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PLoS One. 2013 May 1;8(5):e61570. doi: 10.1371/journal.pone.0061570. Print 2013.

Genotype to phenotype mapping and the fitness landscape of the E. coli lac promoter.

Author information

1
Department of Physics, Emory University, Atlanta, Georgia, United States of America. jotwinowski@physics.emory.edu

Abstract

Genotype-to-phenotype maps and the related fitness landscapes that include epistatic interactions are difficult to measure because of their high dimensional structure. Here we construct such a map using the recently collected corpora of high-throughput sequence data from the 75 base pairs long mutagenized E. coli lac promoter region, where each sequence is associated with its phenotype, the induced transcriptional activity measured by a fluorescent reporter. We find that the additive (non-epistatic) contributions of individual mutations account for about two-thirds of the explainable phenotype variance, while pairwise epistasis explains about 7% of the variance for the full mutagenized sequence and about 15% for the subsequence associated with protein binding sites. Surprisingly, there is no evidence for third order epistatic contributions, and our inferred fitness landscape is essentially single peaked, with a small amount of antagonistic epistasis. There is a significant selective pressure on the wild type, which we deduce to be multi-objective optimal for gene expression in environments with different nutrient sources. We identify transcription factor (CRP) and RNA polymerase binding sites in the promotor region and their interactions without difficult optimization steps. In particular, we observe evidence for previously unexplored genetic regulatory mechanisms, possibly kinetic in nature. We conclude with a cautionary note that inferred properties of fitness landscapes may be severely influenced by biases in the sequence data.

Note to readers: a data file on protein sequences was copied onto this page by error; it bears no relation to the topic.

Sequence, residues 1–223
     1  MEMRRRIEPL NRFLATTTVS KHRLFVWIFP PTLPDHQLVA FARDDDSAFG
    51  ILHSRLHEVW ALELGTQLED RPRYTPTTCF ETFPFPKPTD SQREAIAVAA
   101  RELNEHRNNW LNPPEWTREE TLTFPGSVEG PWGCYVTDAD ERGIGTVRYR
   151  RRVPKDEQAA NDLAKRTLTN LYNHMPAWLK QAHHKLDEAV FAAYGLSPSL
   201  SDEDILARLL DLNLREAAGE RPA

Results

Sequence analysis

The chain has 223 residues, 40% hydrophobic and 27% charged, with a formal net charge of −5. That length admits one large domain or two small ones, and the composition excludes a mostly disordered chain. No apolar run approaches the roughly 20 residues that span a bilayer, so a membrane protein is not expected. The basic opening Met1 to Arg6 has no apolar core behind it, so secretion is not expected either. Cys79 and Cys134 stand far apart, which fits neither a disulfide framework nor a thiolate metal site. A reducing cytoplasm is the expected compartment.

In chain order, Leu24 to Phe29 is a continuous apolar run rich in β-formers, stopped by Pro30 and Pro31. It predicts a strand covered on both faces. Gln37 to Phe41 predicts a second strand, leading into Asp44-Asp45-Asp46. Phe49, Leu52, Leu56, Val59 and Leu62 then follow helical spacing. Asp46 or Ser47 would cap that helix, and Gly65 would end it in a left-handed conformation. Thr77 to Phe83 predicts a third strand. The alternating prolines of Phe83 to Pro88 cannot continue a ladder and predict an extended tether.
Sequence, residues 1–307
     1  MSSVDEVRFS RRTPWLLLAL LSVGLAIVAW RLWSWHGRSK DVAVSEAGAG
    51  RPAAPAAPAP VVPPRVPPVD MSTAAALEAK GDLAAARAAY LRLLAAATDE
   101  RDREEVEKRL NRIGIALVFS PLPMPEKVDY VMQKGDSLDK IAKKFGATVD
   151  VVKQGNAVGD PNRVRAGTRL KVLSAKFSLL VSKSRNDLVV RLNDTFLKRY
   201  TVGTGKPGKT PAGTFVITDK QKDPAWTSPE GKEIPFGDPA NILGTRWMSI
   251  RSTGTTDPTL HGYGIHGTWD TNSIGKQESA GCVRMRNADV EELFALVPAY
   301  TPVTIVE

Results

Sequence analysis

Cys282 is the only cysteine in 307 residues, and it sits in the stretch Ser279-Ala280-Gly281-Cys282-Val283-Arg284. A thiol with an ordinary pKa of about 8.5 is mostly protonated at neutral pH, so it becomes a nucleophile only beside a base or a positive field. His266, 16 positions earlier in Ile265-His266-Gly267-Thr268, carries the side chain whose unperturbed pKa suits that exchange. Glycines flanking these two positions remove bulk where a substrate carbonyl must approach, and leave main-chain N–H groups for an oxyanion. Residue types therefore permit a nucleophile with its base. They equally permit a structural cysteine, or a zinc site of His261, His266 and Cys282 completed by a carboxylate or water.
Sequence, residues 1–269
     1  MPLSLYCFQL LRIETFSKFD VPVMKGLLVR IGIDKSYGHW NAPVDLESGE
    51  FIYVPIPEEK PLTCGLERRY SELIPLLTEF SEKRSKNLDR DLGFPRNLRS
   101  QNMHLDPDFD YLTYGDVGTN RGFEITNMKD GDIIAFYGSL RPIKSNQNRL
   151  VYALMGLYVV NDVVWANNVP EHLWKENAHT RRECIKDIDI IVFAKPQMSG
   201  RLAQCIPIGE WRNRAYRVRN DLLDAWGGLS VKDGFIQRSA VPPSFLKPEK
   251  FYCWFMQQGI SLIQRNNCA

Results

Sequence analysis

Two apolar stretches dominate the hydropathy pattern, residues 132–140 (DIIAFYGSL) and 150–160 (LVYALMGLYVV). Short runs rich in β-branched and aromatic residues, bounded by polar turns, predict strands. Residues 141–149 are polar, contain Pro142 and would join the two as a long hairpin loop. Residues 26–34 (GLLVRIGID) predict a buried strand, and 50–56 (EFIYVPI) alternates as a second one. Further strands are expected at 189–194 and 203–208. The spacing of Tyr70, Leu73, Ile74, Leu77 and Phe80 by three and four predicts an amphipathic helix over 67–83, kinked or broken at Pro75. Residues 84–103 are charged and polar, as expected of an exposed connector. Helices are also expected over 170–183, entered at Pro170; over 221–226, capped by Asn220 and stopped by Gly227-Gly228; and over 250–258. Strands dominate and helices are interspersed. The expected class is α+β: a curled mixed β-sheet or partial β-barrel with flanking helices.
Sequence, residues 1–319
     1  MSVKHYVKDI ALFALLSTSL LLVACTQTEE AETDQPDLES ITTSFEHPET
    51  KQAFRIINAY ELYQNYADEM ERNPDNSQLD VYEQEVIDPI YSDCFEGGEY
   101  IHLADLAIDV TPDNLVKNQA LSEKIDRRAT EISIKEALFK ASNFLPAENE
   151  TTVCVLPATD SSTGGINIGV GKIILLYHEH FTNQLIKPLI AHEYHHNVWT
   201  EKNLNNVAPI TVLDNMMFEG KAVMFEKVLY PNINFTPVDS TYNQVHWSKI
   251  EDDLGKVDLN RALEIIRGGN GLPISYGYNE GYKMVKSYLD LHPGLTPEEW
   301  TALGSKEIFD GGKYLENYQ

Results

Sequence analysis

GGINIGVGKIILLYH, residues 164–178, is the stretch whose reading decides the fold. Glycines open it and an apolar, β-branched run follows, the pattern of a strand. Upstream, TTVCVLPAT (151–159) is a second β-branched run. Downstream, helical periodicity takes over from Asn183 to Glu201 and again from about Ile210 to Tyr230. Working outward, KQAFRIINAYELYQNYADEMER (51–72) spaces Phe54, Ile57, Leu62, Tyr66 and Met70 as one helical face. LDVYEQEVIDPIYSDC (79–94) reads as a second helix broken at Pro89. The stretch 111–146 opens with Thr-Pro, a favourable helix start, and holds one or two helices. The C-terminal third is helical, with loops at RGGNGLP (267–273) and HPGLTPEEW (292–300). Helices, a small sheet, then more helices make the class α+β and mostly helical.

PMID:
23650500
PMCID:
PMC3641078
DOI:
10.1371/journal.pone.0061570
[Indexed for MEDLINE]
Free PMC Article

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